July 28th, 2021 | Categories: Uncategorized
Facial shadows can be good AND bad. If we watch cartoons, artists typically place as few shadows on a “beautiful” female face as possible. Think of Cinderella. Meanwhile, the jawlines, cheekbones, and abdomens of superheroes are shadowed like crazy. As a plastic surgeon, I often try to create facial shadows where none exist, for example over the buccal space or under the jawline. Still, other facial shadows detract from facial beauty. In other words, it is my job to eliminate suboptimal facial shadows. This is very apparent in lower blepharoplasty surgery, facelift and neck lift. Also, let us not forget that we typically use fillers and fat grafting to eliminate nasolabial folds (“smile lines”) and melolabial folds (“marionette lines”) which are, in essence, facial shadows. I feel that addressing anatomic cause of these facial shadows is more effective than simply masking them with fillers. Although injectables like fillers and fat grafting can enhance surgical results, there is an endpoint that should be respected. In this video, I focus on the bad shadows. Particularly, those that occur in the lower face and neck.
I was inspired to create this video by a patient who presented to my clinic last week. She is young woman who had successful buccal fat pad removal surgery at another practice. Although I cannot seem to find any fault with her cosmetic result, she is unhappy with the depression that occurred under her cheekbone, and the fullness that seems to have become more noticeable in front of that space. This is the first time I have seen or heard any such complaint by patient as it was my understanding that creation of that contour or convexity is the desired outcome of buccal fat pad removal surgery. However, her disappointment exposed a whole new paradigm for facial beautification and rejuvenation in my practice. It was the first time that I saw perceived discord of facial harmony as a result of buccal fat pad removal surgery. Although I thought she looked great, her perception is valid, and I think I understand exactly why.
I never saw the patient before buccal fat pad removal, as she sought intervention elsewhere. However, the patient has heavy perioral mounds. Perioral mounds are convexities that occur on the outside corner of the lips and tend to turn downward. This can be thought as the starting point of the marionette line and can confer an unhappy appearance as it causes the corners of the lips to turn downward somewhat. Or at least to appear that way. In retrospect, it is possible to imagine that this was the presenting concern of the patient to another surgeon. This was the problem area that she wished to have addressed. Maybe there was a lapse in communication between the woman and her surgeon, but buccal fat pad removal alone did not address the perioral mounds- it made them more apparent, by creating a depression behind. Not that the mounds became bigger, but to the patient, the perioral mounds were relatively more prominent as a result of debulking the buccal fat pads. Again her result looked very good to me, but her presenting concern may not have been adequately addressed.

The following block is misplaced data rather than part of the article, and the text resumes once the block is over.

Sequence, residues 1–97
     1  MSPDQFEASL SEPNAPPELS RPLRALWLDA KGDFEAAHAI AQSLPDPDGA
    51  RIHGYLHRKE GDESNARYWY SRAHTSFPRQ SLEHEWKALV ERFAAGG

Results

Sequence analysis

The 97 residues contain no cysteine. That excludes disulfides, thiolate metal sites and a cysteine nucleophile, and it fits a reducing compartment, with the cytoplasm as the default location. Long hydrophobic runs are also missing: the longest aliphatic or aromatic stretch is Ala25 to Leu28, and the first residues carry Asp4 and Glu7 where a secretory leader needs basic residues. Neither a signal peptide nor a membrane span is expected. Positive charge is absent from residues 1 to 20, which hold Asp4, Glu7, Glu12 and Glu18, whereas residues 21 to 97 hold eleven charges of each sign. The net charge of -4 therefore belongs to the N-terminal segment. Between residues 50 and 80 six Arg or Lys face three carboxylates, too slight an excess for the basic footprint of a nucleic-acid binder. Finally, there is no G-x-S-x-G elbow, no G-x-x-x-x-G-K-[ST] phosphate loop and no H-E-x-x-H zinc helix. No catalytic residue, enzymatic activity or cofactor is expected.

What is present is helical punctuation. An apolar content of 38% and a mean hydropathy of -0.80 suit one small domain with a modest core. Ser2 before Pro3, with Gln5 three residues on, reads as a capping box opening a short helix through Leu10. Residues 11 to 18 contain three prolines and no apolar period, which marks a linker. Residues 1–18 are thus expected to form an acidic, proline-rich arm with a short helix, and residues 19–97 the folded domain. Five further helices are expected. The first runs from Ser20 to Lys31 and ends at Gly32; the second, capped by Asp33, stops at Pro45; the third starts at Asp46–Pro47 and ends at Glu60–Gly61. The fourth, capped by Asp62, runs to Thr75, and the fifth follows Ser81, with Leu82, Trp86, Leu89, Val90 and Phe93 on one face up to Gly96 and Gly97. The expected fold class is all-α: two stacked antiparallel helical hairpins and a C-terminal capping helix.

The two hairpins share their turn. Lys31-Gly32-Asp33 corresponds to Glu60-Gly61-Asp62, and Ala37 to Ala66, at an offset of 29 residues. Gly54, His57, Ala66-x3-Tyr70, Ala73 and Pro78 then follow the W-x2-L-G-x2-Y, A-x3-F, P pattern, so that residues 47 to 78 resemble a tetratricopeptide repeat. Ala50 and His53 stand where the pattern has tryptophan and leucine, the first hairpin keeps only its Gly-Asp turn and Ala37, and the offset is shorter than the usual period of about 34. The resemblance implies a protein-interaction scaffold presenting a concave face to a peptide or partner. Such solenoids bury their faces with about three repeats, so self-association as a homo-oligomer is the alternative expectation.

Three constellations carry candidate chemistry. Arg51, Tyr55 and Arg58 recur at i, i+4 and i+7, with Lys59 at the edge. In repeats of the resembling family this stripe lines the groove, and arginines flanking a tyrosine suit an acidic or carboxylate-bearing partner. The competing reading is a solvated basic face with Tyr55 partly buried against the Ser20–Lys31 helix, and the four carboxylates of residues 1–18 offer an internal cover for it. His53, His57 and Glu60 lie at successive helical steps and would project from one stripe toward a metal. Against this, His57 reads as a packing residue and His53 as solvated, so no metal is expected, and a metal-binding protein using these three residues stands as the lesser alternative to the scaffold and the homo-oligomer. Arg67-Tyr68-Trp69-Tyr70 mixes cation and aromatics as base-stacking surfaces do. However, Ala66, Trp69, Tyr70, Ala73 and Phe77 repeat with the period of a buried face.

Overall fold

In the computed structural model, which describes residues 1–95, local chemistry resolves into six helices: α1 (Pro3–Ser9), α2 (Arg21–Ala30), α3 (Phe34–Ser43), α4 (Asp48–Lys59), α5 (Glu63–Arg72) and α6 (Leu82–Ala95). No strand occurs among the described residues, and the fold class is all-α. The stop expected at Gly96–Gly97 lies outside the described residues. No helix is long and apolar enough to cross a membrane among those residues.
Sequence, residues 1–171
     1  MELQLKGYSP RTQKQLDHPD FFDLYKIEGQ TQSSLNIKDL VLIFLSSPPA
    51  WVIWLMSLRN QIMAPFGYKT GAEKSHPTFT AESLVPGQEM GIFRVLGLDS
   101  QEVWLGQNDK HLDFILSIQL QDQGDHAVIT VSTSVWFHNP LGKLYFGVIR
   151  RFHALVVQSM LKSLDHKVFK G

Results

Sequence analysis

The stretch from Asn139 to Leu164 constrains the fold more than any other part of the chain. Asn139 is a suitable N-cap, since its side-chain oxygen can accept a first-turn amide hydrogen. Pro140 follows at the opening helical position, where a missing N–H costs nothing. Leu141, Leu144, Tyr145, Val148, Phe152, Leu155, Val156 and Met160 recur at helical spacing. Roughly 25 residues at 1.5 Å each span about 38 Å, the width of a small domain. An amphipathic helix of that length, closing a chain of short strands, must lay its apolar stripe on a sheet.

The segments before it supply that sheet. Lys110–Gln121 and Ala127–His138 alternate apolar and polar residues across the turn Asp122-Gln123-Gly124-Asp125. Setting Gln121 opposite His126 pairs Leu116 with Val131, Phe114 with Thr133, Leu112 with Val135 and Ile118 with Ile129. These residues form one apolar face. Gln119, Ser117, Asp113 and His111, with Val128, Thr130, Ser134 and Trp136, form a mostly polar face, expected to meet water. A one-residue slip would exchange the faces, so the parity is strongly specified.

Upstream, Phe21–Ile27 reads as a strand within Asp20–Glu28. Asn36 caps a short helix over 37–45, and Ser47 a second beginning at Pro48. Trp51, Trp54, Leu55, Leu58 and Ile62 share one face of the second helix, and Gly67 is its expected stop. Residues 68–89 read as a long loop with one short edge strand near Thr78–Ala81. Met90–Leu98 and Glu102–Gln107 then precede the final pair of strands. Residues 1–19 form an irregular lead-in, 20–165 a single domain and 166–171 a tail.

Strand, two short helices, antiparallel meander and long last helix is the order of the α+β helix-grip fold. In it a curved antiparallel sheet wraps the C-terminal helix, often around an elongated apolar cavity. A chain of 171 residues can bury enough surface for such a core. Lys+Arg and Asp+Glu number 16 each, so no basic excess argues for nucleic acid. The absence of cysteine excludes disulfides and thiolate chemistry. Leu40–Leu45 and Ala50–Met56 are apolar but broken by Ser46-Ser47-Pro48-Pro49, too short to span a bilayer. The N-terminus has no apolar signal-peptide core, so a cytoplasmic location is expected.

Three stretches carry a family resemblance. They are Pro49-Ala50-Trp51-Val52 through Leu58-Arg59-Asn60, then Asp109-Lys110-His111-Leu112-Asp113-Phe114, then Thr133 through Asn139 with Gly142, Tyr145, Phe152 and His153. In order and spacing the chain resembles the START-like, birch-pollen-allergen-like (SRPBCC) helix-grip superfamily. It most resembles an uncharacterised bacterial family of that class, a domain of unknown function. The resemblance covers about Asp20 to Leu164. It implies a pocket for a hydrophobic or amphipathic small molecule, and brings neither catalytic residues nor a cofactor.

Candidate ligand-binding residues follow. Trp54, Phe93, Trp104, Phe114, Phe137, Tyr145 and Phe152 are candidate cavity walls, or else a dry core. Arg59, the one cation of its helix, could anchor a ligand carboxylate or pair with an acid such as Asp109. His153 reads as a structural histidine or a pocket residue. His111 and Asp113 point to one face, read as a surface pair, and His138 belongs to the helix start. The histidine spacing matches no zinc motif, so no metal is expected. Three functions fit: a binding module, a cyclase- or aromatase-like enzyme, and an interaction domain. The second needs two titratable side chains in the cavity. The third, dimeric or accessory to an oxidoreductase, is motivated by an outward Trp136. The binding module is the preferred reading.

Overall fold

I see this with other treatments for the face. For example, many patients choose to reduce facial width by injecting a neurotoxin like Botox to the masseters. When you do this, the muscle weakens and becomes smaller. As a result, the face narrows posteriorly and you are somewhat weakening the jawline angle. This is typically overlooked as patients are satisfied with a relatively safe, reversible, and non-invasive nature of this treatment. However, in some patients, and those who often request Botox for their masseter muscles, the soft tissue in front of the masseter muscle, in the anterior one half of the face, may become relatively more prominent. Because structures like jowls may be hidden by fullness of the masseter muscle, correction of masseter hypertrophy exposes a different anatomic problem area for some patients. In our practice, we are seeing this more and more, and we typically treat this so-called “masseter atrophy deformity” (M. A. D.) with filler along the jawline to recapitulate mandibular continuity. In the aging face, many additional shadows exist. We touched on some of the structures in this video. However, I do not discuss other structures like the platysma muscle, the mandible itself, and subcutaneous fat in detail. In many cases, the shadows that we see are normal anatomic structures. While they typically do not detract from beauty, many patients are understandably bothered by a neck and jawline that are not smooth. Many times, the shadows are formed by nonsurgical and surgical procedures like Kybella, liposuction, and radiofrequency assisted lipolysis with liposuction. In other cases, weight loss alone is enough to expose many of these structures. Still, and a minority of cases, some abnormal contours can be explained by disease processes and may not be aesthetic in nature.
Ultimately, many, if not all, of the shadows can be corrected both surgically and nonsurgically. In the aging face, facelift is my go-to procedure to eliminate many of the shadows, while creating new ones that are more aesthetic in nature. This video simply scratches the surface of a much more important topic that I will expound upon in future videos. The bottom line is this: the face is not an exception to these general principles in aesthetic surgery:
1) it is critical to hear the patient’s specific concerns and treat them accordingly, and
2) respect and protect facial harmony when facial features are modified
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